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Treatment with MQA, a Derivative of Caffeoylquinic Acid, Provides Neuroprotective Effects against Cerebral Ischemia Through Suppression of the p38 Pathway and Oxidative Stress in Rats

  • Long Chen
  • Dan-ni Liu
  • Yu Wang
  • Xue-ying Liu
  • Shuai Han
  • Ke ZhangEmail author
  • Guo-yu Li
  • Xing TianEmail author
  • Hang-yu WangEmail author
  • Jin-hui Wang
Article
  • 6 Downloads

Abstract

1,5-O-dicaffeoyl-3-O-(4-malic acid methylester)–quinic acid (MQA), extracted from Arctium lappa L., has been observed to exert neuroprotective effects in vitro. The aim of this study was to investigate whether MQA is an effective therapeutic method for cerebral ischemic injury in vivo. In this study, adult male rats were randomly divided into four groups: a normal group, a model group subjected to middle cerebral artery occlusion (MCAO) for 24 h, a model + MQA group (which received intragastric MQA for the 7 days prior to MCAO), and a model + positive drug group. MQA appeared to induce effects in cerebral ischemic injury in rats, by downregulating malondialdehyde, glutathione peroxidase, and nitric oxide synthase levels. Treatment with MQA significantly reduced infarcted sections. In addition, caspase-3 and Iba1 protein expression were evaluated with immunohistochemistry, and cortical cell apoptosis was assessed with terminal deoxynucleotidyl transferase dUTP nick-end labeling (TUNEL) assays. Expression of AKT and Bax, ERK1/2, P38 and Bcl-2, NFkB1, PARP, and caspase-3 was assessed with Western blotting. We found Bcl-2 and NFkB1 (p50) expressions were upregulated, whereas the expression of PARP, caspase-3, NFkB1 (p105), ERK1/2, P38, AKT, and Bax was downregulated. In conclusion, we observed MQA was an effective treatment for cerebral ischemic injury in rats.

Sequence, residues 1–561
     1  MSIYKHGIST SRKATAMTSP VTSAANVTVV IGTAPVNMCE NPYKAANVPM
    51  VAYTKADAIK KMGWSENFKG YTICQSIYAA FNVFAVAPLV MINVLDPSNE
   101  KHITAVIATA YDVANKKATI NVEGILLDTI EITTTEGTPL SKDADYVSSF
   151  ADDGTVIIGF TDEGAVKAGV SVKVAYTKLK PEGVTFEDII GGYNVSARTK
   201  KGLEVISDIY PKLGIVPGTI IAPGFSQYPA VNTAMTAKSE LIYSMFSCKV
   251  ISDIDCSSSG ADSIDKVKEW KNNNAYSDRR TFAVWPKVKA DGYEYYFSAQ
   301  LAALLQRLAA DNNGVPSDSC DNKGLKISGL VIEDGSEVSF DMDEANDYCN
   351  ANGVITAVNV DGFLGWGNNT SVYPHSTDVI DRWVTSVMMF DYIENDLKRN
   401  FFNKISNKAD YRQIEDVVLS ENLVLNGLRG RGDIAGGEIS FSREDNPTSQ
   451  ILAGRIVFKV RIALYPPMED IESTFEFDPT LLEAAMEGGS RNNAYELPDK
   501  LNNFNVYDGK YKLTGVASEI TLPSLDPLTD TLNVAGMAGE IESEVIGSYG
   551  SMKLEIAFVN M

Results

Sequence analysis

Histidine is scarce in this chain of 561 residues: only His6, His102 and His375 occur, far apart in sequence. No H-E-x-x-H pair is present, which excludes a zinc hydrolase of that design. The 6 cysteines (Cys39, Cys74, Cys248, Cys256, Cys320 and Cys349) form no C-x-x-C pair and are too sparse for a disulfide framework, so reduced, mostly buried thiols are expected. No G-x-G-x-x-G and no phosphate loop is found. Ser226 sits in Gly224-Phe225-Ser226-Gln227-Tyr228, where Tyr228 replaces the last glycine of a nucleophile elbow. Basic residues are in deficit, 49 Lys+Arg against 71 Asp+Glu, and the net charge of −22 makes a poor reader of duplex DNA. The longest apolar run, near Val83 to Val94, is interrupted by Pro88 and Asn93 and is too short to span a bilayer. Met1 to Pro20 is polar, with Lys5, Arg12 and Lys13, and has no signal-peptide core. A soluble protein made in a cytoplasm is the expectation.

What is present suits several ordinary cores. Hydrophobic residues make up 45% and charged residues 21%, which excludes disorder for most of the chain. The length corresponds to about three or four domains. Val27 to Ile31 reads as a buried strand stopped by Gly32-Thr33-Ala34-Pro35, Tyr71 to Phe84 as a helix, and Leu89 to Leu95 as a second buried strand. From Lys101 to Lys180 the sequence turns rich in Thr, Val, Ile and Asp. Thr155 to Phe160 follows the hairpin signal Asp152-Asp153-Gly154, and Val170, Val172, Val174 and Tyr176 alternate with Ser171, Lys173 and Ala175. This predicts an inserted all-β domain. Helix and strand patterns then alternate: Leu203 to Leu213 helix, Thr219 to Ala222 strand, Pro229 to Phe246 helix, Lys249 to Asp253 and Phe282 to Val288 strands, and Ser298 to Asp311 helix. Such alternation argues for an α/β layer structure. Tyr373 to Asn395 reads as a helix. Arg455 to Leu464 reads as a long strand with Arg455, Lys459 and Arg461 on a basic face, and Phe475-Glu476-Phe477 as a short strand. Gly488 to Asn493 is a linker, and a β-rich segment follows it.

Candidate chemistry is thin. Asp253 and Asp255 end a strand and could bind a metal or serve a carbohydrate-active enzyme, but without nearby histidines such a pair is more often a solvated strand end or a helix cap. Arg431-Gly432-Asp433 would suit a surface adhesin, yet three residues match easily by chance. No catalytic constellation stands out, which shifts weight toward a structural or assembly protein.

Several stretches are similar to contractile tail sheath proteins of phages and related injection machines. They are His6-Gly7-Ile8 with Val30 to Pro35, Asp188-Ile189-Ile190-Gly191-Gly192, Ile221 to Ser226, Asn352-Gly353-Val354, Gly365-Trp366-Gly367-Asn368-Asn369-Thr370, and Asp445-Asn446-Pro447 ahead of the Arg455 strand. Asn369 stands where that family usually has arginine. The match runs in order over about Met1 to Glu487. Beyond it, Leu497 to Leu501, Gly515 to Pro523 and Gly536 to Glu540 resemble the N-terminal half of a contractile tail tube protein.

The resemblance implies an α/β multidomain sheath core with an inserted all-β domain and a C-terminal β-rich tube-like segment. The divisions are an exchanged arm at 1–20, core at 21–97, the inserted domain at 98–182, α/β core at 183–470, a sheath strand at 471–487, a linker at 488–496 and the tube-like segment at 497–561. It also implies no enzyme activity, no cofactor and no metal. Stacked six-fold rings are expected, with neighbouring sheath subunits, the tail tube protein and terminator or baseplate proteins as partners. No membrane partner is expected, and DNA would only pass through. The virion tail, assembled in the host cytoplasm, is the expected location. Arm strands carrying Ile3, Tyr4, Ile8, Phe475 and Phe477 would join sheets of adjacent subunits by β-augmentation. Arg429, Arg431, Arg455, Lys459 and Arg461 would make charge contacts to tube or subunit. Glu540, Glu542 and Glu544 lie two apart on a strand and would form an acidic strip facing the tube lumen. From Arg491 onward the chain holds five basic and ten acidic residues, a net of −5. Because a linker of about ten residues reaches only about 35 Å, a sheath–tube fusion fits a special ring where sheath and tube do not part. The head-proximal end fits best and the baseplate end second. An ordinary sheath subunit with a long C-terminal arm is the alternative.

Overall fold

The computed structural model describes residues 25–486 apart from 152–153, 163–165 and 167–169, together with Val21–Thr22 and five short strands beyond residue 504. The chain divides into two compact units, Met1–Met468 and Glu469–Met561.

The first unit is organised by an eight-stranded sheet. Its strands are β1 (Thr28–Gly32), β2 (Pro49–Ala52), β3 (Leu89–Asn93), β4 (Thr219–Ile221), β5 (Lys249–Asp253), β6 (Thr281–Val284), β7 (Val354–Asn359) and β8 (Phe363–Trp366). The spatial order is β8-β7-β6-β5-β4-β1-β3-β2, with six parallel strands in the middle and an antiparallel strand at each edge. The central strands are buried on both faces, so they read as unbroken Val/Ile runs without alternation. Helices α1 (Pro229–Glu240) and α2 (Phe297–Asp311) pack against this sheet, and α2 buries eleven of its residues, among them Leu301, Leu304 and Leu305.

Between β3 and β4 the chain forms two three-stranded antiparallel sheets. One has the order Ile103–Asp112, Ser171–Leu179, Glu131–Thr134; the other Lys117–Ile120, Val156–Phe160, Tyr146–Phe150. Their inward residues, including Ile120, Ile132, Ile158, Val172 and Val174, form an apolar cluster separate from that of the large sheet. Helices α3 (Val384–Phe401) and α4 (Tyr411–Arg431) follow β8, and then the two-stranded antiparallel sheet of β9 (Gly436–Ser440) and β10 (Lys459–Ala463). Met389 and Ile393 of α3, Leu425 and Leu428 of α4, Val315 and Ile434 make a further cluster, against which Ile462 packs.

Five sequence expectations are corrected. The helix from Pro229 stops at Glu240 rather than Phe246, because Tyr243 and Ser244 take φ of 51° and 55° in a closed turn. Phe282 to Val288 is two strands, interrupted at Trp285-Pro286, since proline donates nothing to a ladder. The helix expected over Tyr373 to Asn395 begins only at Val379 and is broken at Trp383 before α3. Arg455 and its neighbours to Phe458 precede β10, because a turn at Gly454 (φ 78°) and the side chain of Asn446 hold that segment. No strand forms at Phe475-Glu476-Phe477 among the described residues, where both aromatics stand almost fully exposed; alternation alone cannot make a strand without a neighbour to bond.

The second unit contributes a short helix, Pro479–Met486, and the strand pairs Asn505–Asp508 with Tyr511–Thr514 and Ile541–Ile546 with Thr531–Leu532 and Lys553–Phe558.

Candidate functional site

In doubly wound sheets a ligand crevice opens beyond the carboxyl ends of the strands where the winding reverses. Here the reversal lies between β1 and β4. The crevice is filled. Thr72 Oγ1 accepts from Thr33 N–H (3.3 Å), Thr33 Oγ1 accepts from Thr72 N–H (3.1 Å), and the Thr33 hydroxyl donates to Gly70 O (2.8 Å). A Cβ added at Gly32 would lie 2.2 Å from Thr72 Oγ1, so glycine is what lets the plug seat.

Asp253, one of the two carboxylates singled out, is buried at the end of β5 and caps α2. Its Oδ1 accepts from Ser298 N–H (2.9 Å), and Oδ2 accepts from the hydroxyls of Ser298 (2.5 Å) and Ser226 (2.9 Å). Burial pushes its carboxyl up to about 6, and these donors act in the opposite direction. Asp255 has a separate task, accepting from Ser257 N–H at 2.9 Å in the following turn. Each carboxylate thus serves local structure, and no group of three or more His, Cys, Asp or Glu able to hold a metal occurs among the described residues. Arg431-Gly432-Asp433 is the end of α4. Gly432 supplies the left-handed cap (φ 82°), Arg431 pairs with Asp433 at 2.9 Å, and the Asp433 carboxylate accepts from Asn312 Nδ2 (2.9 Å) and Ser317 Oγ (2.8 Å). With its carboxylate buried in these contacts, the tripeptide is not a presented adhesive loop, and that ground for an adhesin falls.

Keywords

Apoptosis Caffeoylquinic acid Neuroprotection Cerebral ischemia 

Notes

Funding

This work was supported by grants from The Applied Basic Research Program of Xinjiang Production and Construction Crops (grant number 2016AG018), Major New Drug Creation (grant number 2017ZX090305005), and the Research Foundation for Advanced Talents of Shihezi University (grant number RCZX201531), Sixth Batch of Outstanding Young and Middle-aged Teachers in Shihezi University (grant number CZ027453).

Compliance with Ethical Standards

All experimental procedures were in line with the National Institutes of Health guidelines for animal care and use experiments.

Conflict of Interest

The authors declare that they have no conflicts of interest.

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© Springer Science+Business Media, LLC, part of Springer Nature 2019

Authors and Affiliations

  1. 1.School of Pharmacy, Ministry of EducationShihezi University/Key Laboratory of Xingjiang Phytomedicine Resources UtilizationShiheziChina
  2. 2.School of Science And TechnologyJilin Normal UniversitySipingChina
  3. 3.School of PharmacyHarbin Medical UniversityHarbinChina

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